TCR-CXCR4 signaling stabilizes cytokine mRNA transcripts via a PREX1-Rac1 pathway: implications for CTCL

Kimberly N. Kremer, Brittney A. Dinkel, Rosalie M. Sterner, Douglas G. Osborne, Dragan Jevremovic and Karen E. Hedin

Key Points

  • T-cell activation induces TCR transactivation of CXCR4 to stabilize cytokine mRNA transcripts via a PREX1-Rac1–signaling pathway.

  • Inhibition of the TCR-CXCR4–signaling pathway impairs TCR-dependent and TCR-independent cytokine secretion by CTCL cells.


As with many immunopathologically driven diseases, the malignant T cells of cutaneous T-cell lymphomas (CTCLs), such as Sézary syndrome, display aberrant cytokine secretion patterns that contribute to pathology and disease progression. Targeting this disordered release of cytokines is complicated by the changing cytokine milieu that drives the phenotypic changes of CTCLs. Here, we characterize a novel signaling pathway that can be targeted to inhibit the secretion of cytokines by modulating either CXCR4 or CXCR4-mediated signaling. We demonstrate that upon ligation of the T-cell antigen receptor (TCR), the TCR associates with and transactivates CXCR4 via phosphorylation of S339-CXCR4 in order to activate a PREX1-Rac1–signaling pathway that stabilizes interleukin-2 (IL-2), IL-4, and IL-10 messenger RNA (mRNA) transcripts. Pharmacologic inhibition of either TCR-CXCR4 complex formation or PREX1-Rac1 signaling in primary human T cells decreased mRNA stability and inhibited secretion of IL-2, IL-4, and IL-10. Applying this knowledge to Sézary syndrome, we demonstrate that targeting various aspects of this signaling pathway blocks both TCR-dependent and TCR-independent cytokine secretion from a Sézary syndrome–derived cell line and patient isolates. Together, these results identify multiple aspects of a novel TCR-CXCR4–signaling pathway that could be targeted to inhibit the aberrant cytokine secretion that drives the immunopathogenesis of Sézary syndrome and other immunopathological diseases.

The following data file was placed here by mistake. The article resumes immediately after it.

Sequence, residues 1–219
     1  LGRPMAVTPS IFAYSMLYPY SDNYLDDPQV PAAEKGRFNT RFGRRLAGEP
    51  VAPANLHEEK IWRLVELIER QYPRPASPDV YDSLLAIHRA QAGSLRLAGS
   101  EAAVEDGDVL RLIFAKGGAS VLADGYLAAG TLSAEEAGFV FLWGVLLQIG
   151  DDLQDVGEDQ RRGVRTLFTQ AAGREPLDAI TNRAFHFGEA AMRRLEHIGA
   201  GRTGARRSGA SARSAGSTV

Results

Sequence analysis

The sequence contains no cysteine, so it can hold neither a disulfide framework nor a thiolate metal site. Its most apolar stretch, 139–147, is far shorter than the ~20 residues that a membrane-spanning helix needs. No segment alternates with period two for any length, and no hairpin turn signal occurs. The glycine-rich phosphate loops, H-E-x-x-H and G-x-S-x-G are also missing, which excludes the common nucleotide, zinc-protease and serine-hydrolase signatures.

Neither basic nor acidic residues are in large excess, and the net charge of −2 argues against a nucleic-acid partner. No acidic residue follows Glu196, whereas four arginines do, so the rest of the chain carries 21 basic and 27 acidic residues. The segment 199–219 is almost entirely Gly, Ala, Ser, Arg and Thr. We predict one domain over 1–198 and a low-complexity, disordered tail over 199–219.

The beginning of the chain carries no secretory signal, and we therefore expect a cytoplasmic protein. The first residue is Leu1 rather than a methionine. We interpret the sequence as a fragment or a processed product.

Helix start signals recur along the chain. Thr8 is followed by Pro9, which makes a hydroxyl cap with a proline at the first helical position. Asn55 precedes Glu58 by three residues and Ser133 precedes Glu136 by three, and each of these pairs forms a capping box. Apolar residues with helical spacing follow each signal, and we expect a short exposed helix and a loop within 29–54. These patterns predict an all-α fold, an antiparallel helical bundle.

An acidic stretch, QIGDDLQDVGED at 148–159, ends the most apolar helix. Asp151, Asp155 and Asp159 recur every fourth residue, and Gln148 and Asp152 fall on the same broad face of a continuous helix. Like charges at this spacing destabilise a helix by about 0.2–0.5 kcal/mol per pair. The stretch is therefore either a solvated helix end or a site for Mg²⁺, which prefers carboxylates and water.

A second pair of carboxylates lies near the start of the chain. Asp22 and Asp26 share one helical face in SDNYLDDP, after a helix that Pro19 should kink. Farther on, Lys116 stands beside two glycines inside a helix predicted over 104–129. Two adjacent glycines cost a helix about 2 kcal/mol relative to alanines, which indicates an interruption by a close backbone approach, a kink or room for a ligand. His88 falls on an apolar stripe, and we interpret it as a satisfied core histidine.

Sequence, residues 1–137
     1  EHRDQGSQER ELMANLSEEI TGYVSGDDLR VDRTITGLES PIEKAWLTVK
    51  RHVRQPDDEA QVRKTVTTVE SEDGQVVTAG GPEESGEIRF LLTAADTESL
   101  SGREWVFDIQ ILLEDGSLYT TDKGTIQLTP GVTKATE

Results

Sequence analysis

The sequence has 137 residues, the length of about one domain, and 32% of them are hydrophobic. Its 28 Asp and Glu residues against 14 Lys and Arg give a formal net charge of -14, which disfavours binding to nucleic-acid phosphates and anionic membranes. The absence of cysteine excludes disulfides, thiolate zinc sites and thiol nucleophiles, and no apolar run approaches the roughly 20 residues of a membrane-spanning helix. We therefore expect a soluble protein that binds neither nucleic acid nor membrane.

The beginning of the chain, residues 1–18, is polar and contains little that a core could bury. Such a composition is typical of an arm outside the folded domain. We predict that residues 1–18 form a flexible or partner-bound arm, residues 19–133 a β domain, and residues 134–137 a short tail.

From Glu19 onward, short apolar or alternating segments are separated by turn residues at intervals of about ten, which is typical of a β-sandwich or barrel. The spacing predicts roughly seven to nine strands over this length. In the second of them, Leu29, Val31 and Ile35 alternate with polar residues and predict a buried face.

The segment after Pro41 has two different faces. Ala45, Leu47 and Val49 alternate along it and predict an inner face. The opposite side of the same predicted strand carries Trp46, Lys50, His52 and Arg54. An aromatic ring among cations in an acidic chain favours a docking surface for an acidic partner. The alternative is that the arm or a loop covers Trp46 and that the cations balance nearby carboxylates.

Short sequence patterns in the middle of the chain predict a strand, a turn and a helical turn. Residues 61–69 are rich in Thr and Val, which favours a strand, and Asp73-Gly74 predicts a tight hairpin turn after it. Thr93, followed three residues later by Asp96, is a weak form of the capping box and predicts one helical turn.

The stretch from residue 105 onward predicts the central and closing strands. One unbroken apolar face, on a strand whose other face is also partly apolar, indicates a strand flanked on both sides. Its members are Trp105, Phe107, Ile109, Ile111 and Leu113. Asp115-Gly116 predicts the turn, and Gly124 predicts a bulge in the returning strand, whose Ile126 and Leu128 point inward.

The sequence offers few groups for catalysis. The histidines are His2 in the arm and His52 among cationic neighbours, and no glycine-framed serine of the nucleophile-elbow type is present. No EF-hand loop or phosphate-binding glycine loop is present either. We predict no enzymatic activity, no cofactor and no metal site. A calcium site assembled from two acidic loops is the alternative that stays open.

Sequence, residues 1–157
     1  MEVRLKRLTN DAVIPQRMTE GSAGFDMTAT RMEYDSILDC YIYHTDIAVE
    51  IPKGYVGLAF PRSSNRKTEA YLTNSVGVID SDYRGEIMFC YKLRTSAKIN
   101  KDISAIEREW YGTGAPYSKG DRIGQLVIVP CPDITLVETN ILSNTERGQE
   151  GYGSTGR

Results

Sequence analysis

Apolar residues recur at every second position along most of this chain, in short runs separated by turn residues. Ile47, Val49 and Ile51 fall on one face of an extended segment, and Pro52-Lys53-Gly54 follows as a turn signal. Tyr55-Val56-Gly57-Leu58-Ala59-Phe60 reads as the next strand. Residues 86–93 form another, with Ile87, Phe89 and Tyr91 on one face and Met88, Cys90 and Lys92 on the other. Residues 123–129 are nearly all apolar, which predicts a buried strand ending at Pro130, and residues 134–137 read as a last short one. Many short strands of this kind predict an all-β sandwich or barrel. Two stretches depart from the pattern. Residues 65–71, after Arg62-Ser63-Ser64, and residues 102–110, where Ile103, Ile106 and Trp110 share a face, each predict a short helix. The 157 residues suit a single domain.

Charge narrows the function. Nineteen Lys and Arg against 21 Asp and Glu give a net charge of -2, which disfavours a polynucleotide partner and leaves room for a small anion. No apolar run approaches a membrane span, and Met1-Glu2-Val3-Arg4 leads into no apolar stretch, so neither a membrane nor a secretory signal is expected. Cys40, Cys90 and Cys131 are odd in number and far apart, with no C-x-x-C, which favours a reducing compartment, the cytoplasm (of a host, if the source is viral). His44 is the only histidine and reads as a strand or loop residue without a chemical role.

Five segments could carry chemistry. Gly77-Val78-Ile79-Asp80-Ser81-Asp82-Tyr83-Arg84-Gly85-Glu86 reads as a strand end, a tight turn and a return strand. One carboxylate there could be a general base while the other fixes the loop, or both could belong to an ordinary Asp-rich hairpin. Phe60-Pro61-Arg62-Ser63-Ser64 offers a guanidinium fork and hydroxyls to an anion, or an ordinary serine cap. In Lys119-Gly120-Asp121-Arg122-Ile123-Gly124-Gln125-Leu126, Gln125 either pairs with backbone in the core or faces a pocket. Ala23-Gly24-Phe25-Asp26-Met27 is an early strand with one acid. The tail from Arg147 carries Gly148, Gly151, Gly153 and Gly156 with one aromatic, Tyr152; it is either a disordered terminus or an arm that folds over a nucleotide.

• Submitted February 28, 2017.
  • Accepted July 5, 2017.
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